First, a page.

Arduino Labs for MicroPython is a lightweight cross-platform demo editor for MicroPython. Arduino now offers support for the Python programming language as a way to interact with its microcontroller boards.
This means that you can now take advantage of the huge libraries and ecosystem of the language to build more powerful and complex projects. The power of Python along with the versatility of Arduino might be the perfect combination for your next project
Despite being in its beta stage, Arduino Labs for MicroPython has already garnered a lot of interest from the maker community, with many people wanting to give it a try. So, what prompted this move?
Arduino vs. MicroPython
Arduino has long been a favorite among hobbyists and pros alike due to its range of inexpensive hardware options and an active community of users who are always willing to lend a hand in the Arduino forum. There are many Useful Arduino projects that you can tryfrom home automation to robotics.
One of the most important advantages of Arduino is its simplicity. The hardware is easy to use, and the programming language is based on C/C++, which is widely known and easy to learn. You can check out our exclusive guide at What is Arduino and what can you do with it to learn more.
On the other hand, MicroPython is a lightweight and powerful implementation of the Python programming language designed for use on microcontrollers. It provides a powerful ready-to-try programming environment and allows you to take advantage of the rich ecosystem of Python libraries and tools. One of the main benefits of MicroPython is its flexibility – Python is a very expressive language and well suited for prototyping.
Created in collaboration with Murilo Polese who wrote the initial release, the Arduino IDE for MicroPython provides a powerful development platform that combines the benefits of both worlds. This results in a more efficient and effective development experience.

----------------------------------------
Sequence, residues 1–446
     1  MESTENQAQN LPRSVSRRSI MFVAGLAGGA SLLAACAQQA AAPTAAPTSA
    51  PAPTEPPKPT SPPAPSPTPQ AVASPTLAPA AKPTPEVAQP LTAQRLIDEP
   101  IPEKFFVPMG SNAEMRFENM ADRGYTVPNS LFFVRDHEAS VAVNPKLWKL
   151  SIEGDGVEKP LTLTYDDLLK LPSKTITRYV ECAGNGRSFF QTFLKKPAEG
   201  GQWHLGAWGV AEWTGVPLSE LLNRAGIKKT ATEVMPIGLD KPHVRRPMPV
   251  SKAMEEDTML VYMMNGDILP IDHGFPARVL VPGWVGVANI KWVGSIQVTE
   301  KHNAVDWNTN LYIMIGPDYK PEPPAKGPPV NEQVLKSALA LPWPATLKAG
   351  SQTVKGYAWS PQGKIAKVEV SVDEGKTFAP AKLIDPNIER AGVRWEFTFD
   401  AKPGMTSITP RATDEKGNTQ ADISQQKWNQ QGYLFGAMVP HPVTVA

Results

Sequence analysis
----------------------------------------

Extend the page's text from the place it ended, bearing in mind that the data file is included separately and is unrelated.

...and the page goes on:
It is not another Arduino IDE extension
While you might think it is just another extension made for the already existing Arduino IDE, it is an entirely separate development platform built from scratch by the Arduino team specifically to support MicroPython. This IDE is similar to the original Arduino IDE, but allows users to write and upload Python code to their boards.
One of the main features of the Arduino IDE for MicroPython is its support for boards with REPL via serial, including the vulnerable ESP8266. This allows you to easily load and run Python instructions on your microcontroller boards, without the need for external tools or complicated setup procedures. The IDE also includes file manager capabilities, which makes it easy to organize and manage Python scripts.
Arduino IDE for MicroPython is available on Windows, Linux, and macOS; Download it for free from Arduino Lab for Micropython page.
Since it uses Real Eval Print Loop (REPL) on the serial, the IDE supports other boards as well, such as the Raspberry Pico.
The REPL shell for Python also comes in store with an IDE that allows you to test small portions of your code when debugging. In addition, it allows you to build your projects faster as it uses a high-level language that is easy to learn – a perfect fit for anyone getting into microcontrollers.
One of the main advantages of using MicroPython is its ability to save on the limited reprogramming numbers of the microcontroller’s program flash memory. This is because the Python script is stored and run in RAM, rather than being written directly to flash memory. This can be especially useful for projects that require frequent code updates or changes.
However, there is no syntax checking for errors at this time, which can make it more difficult to detect errors in your code. Arduino has not yet announced any plans to add this feature in the future.
What is the future of Arduino Lab for MicroPython?
This MicroPython IDE seems to be a perfect fit for those who want more flexibility and the ability to take advantage of the rich ecosystem of Python libraries. With the increasing popularity of the Python programming language, it is set to gain more traction which could eventually drive Arduino to expand the MicroPython library on the platform. Its reception in the Arduino community looks promising and it already has all the signs of becoming a permanent product.
As of now, the MicroPython firmware is only available for the Arduino Nano 33 BLE Sense, Nano RP2040 Connect, and Portenta H7 boards. It is not clear when it will be available for other models.
Ready for a Game-Changer IDE for every maker?
All in all, Arduino Lab for MicroPython is a welcome addition to the Arduino ecosystem since it offers the best of both worlds – rich hardware options and a supportive community for Arduino, along with MicroPython’s powerful programming capabilities.
Whether you are a seasoned professional or just starting out with microcontrollers, this development is sure to have something for you.
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